Michael Eriksson's Blog

A Swede in Germany

Nazis XII: Classification issues, drawing borders on different granularity levels

leave a comment »

As I noted in Nazis VIII, I feel confident in applying the label “Leftist” to the “mature NSDAP”—but not, without additional research,* “Socialist”. What then might there be to research, in addition to what I have already gone through?

*To my slight annoyance, checking the exact quote during proofreading, I find that the additional research is more implied than stated. It might be that I made some similar claim, explicitly involving additional research, elsewhere among these many texts.

The hitch lies more in what “Socialist” implies than what “Nazi” implies. Words can mean different things to different persons, at different times, in different contexts, etc.; and there is no simple definition of “Socialist” that will find universal acceptance.* The first (likely main, maybe only) step, likely involving considerable research, would then be to find some sufficiently reasonable and acceptable definition of “Socialist”, in order to check whether the Nazis fit this label. A second step might or might not have followed, to do more targeted research on the Nazis, themselves, based on the now established criteria for “Socialist”.

*For instance, many view Communists as Socialists, while others merely see two sibling groups. (Compare the below remarks on the Neanderthals.) For instance, many on the U.S. non-Left see little distinction between “Leftist” and “Socialist” in the first place. For instance, the old “Eastern Europe” nations might largely have rejected both Social-Democrats (“Social-Fascists”) and Nazis from the label of Socialist.

But what of “Leftist”? Is not “Leftist” a term that is even vaguer or more likely to cause disagreement than “Socialist”? Quiet possibly. However, there is a larger core area of less dispute and the disputed areas are not necessarily the same.

Consider, as an analogy, the questions of whether Åland belongs to Finland or Sweden resp. Europe or some other continent.

On the one hand, Åland was the center of a dispute* about intra-European borders, complicated by e.g. the fact that most of the population of Åland speaks Swedish but seems more attracted to Finland. Other such disputes exist; and the claim that “area X belongs to country Y” is by no means always clear cut.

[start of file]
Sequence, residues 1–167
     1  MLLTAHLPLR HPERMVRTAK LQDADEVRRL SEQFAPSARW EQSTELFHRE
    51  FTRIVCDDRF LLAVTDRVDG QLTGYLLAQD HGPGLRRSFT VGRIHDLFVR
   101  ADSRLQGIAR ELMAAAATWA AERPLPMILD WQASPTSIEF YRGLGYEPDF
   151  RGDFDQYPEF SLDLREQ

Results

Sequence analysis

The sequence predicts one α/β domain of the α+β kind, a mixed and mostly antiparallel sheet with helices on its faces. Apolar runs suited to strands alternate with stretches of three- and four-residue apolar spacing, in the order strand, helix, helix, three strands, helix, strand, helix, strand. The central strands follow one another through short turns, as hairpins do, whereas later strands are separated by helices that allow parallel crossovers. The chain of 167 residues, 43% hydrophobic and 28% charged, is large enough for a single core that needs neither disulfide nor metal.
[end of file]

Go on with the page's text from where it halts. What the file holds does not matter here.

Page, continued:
*However, a long settled and no longer very controversial dispute. I still go with Åland for two reasons: Firstly, my own thoughts on the topic originated with the example of Åland as a means of illustration of and a better way to understand the “Nazis are Socialists” vs. “Nazis are Leftist” issue. Secondly, most other such disputes are more likely to involve strong feelings in one party or another.

On the other, similar and larger disputes* are possible for the borders of Europe, including with an eye at geography and politics. Is Greenland a part of Europe? The Falklands? Turkey? (Even Israel is sometimes included, e.g. in sports, which demonstrates the importance of context—this position would border on the absurd in many other contexts.)

*However, these disputes are typically more likely to involve semantics and matters of definition that politics and nationalism. The Falklands above, e.g., are at most indirectly a matter of whether they “rightfully” might belong to the U.K. or to the Argentine; the main issue is whether a so geographically distant island group should count as part of Europe. Here, we see the additional complication that it is possible for a dispute to simultaneously occur at different levels and with answers that might initially seem surprising. For instance, it is very possible to simultaneously claim that the Falklands do belong to the U.K., but do not belong to Europe. (Also see excursion for a similar topic.) Even the claim that they belong politically to Europe but not geographically is possible.